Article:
Says Audio Buffer Be Gone!

Microsoft scored
a coup over rival RealNetworks
Thursday when e-commerce giant picked its Windows Media Services 9
software to play its song samples for music shoppers.

Financial terms of the deal were not revealed. Amazon selected Windows in
large part because of its Fast Streaming technology, a feature included in
Windows Server 2003 that offers an instant-on playback experience for folks
who use Windows Media Player 9 Series to sample music clips offered through Fast Streaming eliminates pesky buffering for broadband users
and provides improved playback responsiveness for dial-up users.

Loudeye will provide encoding for this deal, which extends to, and, all of which are powered by
Loudeye hosts a digital music archive with access to more than 3.3 million
music samples from over than 300,000 CDs.

In endorsing Redmond, Wash.’s Microsoft, Curtis Kopf, director of digital
for Amazon, said: “The ability to provide instant-on, fast-streaming audio
samples with Windows Media 9 Series virtually eliminates waiting times and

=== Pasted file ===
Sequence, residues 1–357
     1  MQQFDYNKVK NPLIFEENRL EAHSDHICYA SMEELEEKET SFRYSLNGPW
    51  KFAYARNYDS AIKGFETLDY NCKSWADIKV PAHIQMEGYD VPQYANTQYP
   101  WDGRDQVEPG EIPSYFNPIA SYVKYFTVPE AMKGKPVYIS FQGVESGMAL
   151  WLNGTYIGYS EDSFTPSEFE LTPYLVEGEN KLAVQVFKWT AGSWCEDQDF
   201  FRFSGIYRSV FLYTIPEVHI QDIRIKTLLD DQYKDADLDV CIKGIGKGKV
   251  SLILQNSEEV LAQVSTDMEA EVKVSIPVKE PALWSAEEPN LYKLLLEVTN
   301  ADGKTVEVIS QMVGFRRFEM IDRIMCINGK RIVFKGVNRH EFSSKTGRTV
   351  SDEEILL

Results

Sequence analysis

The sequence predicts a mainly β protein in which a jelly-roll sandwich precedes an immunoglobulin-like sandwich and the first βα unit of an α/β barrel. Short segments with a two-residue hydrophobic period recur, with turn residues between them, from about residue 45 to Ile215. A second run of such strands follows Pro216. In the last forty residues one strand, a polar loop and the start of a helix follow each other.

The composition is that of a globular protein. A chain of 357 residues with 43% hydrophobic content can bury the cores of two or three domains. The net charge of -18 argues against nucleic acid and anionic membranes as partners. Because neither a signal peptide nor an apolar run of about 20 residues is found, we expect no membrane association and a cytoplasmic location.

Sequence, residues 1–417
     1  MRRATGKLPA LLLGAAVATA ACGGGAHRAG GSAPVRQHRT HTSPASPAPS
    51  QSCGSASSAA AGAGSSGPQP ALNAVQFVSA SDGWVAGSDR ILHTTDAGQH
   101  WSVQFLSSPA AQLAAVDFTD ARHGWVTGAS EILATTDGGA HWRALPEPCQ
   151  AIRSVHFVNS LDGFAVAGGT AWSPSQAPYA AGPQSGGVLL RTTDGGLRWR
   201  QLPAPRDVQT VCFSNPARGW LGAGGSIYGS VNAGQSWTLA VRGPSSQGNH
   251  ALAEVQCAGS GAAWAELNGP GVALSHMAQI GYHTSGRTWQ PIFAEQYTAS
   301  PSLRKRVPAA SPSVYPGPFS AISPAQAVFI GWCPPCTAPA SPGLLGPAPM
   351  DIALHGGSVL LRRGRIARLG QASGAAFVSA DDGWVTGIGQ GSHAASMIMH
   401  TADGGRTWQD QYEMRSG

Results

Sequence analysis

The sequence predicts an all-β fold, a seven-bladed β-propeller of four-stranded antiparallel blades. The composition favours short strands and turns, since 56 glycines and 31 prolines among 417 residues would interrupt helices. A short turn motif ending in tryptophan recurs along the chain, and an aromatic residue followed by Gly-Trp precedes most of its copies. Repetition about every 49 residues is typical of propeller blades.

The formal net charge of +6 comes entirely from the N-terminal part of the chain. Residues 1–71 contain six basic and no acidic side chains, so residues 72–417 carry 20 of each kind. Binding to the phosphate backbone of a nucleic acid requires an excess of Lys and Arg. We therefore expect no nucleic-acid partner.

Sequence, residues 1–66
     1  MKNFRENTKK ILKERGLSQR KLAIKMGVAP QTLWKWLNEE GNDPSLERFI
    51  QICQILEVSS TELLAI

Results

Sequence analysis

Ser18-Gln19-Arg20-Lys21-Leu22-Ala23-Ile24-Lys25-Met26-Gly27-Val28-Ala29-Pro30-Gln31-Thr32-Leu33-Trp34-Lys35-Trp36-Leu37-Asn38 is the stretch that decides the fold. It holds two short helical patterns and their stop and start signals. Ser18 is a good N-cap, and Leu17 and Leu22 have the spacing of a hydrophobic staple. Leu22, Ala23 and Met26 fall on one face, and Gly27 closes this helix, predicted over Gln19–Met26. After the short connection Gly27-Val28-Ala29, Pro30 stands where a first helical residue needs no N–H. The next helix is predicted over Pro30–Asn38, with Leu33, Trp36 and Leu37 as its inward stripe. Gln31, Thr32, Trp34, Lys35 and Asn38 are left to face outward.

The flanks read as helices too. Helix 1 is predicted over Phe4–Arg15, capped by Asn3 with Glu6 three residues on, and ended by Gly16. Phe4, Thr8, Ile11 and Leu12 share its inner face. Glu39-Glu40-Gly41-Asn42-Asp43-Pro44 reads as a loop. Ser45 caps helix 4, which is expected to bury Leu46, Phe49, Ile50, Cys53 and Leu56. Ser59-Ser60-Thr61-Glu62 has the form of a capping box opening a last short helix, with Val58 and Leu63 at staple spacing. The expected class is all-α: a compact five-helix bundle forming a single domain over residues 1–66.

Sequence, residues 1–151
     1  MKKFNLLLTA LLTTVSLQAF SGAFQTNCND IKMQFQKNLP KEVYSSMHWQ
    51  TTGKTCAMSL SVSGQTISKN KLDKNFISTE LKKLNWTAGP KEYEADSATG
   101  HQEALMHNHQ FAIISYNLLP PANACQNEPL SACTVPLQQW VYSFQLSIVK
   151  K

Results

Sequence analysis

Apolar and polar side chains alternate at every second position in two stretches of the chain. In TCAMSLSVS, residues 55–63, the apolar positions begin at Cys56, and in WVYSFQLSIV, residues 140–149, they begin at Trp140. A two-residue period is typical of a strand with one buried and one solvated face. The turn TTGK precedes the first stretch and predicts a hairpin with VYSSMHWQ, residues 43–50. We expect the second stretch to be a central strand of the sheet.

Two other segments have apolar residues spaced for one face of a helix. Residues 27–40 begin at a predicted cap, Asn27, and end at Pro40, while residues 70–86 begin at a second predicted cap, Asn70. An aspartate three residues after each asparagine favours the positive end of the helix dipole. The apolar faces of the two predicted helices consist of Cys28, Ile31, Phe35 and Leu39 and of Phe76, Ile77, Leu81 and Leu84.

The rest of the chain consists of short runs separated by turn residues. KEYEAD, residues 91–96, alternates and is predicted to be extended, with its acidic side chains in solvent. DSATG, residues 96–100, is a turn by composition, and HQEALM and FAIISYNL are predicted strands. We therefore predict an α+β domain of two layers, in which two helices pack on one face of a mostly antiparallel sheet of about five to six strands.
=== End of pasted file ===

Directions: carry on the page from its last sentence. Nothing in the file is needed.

enables our customers to have instantly gratifying listening experiences.”

Seattle’s Amazon currently offers streaming through both Windows and
RealPlayer software in its music store. Seattle’s RealNetworks also offers
playback with very little buffering, called TurboPlay. But Amazon’s embrace
of Windows in Washington, the hometown state to all three firms, is a clear
victory for Microsoft, which is looking to ensure that its digital media
tendrils branch out in peoples’ homes and consumer devices.

For example, Microsoft in April inked a
deal with DVD software InterVideo to port components of the Windows Media
Format to run on Linux-based consumer devices. The company believes
extending its media experience away from the PC will help it diversify
revenue streams.

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